Patients lose when physician arrogance goes unchallenged

Being a doctor remains one of the most prestigious professions in America. In many cases, the prestige is justified because of the difficulty of the job and the skill and professionalism which many doctors display.

Unfortunately, there are plenty of doctors who behave in ways that are unprofessional and even childish. A recent article in Slate Magazine discussed a problem that leads to a terrible work environment for nurses and puts patient safety at risk. While it often goes unreported, there is seemingly an epidemic of doctors who berate nurses and other staff members and refuse to listen to any comments or questions they see as a challenge to their authority.

The statistics are depressing. In a survey of nurses nationally, a significant number admitted that they have been berated and publicly humiliated for honest mistakes, had objects thrown at them by doctors and have worked with doctors who were reluctant or unwilling to answer questions.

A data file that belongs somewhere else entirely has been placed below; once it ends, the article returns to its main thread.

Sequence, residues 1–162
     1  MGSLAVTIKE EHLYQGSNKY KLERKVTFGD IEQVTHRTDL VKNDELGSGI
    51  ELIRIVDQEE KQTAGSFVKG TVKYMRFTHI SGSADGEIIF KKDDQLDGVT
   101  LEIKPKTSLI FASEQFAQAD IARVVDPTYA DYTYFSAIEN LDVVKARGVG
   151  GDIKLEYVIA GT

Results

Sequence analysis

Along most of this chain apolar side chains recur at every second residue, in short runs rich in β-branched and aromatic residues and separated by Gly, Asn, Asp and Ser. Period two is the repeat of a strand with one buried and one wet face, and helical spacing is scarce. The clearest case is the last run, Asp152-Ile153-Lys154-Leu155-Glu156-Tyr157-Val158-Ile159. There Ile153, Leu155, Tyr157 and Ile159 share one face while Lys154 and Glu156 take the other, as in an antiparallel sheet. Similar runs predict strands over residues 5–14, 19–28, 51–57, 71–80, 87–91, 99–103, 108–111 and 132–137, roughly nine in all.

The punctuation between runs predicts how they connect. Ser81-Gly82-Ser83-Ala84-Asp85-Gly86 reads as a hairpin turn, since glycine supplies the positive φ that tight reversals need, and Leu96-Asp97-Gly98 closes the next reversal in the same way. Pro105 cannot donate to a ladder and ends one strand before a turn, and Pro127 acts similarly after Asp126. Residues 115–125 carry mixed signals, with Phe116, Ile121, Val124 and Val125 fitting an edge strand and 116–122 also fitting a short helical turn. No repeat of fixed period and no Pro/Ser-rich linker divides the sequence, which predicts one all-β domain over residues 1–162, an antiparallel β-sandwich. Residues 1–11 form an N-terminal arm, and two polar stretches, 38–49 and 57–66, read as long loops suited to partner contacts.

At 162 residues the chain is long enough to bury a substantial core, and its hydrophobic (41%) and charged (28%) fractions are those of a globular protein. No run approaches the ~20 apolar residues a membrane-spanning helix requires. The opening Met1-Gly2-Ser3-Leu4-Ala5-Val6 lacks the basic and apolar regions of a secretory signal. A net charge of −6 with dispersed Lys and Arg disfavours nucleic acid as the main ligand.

In many cases, nurses knew they couldn't complain to hospital administrators because doctors would be protected (as important sources of revenue for the hospital), and because they (the nurses) would likely be fired.

It is not difficult to see how this authoritarian culture could put patients directly at risk. Even the most knowledgeable medical professionals make mistakes, which is why all medical professionals in a hospital should be allowed and encouraged to speak up when they notice a problem. When nurses aren't allowed to address and correct the errors of doctors, it ultimately harms patients and puts the hospital at risk for medical malpractice lawsuits.

Hopefully, articles like this one will prompt a national conversation about the way that doctor behavior and misbehavior is negatively affecting patient care.

Source: Slate, "Doctors Throwing Fits," Alexandra Robbins, April 29, 2015

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